“Net Neutrality” at a Glance
What You Need to Know
- The term “Net Neutrality” is misleading in the context of the recent debate over the subject, which focuses more on who should be able to direct the internet experience: should it be the consumers, or should the federal government be able to micromanage the internet?
- The focus of ALEC Action and the freedom movement is to allow the consumer to control the internet experience, combined with “light-touch” regulation by the government, allowing for more rapid technology development and implementation, and a more consumer friendly internet.
- “Light-touch” regulation refers to limited government (state or federal) involvement in the internet experience, only stepping in when consumers are harmed or wronged. As such, the Federal Trade Commission (FTC), which has experience with consumer protection, would be a better regulating agency for the field than the Federal Communications Commission (FCC).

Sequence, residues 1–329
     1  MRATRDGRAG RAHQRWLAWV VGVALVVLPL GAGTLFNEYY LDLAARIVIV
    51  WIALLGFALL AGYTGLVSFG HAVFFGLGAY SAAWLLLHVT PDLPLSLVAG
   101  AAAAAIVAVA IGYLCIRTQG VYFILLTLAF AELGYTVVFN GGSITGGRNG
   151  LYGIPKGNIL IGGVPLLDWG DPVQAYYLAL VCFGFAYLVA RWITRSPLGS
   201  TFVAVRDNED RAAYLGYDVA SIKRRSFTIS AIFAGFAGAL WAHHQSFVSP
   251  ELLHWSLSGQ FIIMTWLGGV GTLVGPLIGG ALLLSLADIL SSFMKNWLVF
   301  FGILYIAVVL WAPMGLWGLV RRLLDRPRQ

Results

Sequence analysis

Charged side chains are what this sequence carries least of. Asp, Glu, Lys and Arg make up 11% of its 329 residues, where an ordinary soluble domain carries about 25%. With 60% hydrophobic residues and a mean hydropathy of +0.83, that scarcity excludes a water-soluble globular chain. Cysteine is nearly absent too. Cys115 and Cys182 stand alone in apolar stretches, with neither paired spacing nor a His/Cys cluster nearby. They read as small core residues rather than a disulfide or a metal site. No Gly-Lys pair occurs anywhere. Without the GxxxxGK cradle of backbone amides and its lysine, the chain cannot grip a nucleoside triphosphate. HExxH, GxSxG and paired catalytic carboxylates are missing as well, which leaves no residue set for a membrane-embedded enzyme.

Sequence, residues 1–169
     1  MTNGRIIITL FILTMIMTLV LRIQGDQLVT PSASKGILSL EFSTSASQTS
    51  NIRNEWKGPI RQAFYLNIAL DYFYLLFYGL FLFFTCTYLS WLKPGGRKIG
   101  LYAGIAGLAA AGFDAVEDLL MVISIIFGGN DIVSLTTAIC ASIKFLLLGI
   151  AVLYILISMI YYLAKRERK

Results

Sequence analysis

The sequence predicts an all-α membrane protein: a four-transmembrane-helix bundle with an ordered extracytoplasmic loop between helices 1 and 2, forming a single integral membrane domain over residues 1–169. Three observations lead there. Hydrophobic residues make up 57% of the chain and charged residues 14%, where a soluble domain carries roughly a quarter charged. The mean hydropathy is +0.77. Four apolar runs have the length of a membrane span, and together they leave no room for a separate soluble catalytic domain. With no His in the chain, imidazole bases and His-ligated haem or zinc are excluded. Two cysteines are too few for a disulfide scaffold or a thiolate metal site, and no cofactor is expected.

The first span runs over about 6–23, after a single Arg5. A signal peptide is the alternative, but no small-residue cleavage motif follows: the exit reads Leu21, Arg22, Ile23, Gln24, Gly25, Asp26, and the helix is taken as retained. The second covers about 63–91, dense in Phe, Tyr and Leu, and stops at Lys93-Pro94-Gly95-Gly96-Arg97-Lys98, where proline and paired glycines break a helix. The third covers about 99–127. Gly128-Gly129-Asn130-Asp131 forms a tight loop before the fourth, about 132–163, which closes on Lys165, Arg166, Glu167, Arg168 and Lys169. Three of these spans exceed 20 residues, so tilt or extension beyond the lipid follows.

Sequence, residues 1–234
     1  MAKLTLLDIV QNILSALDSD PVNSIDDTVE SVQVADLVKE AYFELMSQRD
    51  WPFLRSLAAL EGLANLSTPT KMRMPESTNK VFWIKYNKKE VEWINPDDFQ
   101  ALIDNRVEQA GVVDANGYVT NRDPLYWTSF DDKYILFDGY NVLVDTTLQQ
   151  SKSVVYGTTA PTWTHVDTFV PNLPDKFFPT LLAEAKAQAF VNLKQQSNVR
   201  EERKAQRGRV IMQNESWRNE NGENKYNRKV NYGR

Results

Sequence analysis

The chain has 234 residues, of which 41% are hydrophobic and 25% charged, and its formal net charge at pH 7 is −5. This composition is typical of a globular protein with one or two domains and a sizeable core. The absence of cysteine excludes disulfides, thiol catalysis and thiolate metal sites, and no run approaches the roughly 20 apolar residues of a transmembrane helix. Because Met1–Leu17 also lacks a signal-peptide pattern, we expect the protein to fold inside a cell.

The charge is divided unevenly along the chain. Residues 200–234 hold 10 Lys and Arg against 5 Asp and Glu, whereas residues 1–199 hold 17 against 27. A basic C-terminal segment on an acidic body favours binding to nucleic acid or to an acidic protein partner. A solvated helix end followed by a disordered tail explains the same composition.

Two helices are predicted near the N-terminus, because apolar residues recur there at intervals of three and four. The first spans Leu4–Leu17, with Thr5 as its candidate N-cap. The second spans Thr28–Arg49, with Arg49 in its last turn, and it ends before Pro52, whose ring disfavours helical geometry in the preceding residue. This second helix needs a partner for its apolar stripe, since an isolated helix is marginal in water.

- The alternative, imposing Title II regulations, will make the internet government driven, rather than consumer driven, tying up technological advancements and improvements in red tape and bureaucracy, and making the internet framework slower to respond to consumer wants and needs.
- Title II regulation also scares away network investment: the top six Internet Service Providers (ISPs) have reported $3.3 Billion in capital flight, costing American money and American jobs.
- Limited, consistent government with “light touch” regulation drives innovation and advancement in the internet field, and promotes low barriers to entry in a more free market.